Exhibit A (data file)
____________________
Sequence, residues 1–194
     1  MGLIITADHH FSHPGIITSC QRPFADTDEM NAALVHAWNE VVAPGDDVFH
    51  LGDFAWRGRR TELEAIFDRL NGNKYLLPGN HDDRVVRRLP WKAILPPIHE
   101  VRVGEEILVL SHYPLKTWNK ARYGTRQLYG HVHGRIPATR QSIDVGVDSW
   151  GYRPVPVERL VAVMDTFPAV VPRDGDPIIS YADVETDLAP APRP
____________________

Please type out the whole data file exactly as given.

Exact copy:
Sequence, residues 1–194
     1  MGLIITADHH FSHPGIITSC QRPFADTDEM NAALVHAWNE VVAPGDDVFH
    51  LGDFAWRGRR TELEAIFDRL NGNKYLLPGN HDDRVVRRLP WKAILPPIHE
   101  VRVGEEILVL SHYPLKTWNK ARYGTRQLYG HVHGRIPATR QSIDVGVDSW
   151  GYRPVPVERL VAVMDTFPAV VPRDGDPIIS YADVETDLAP APRP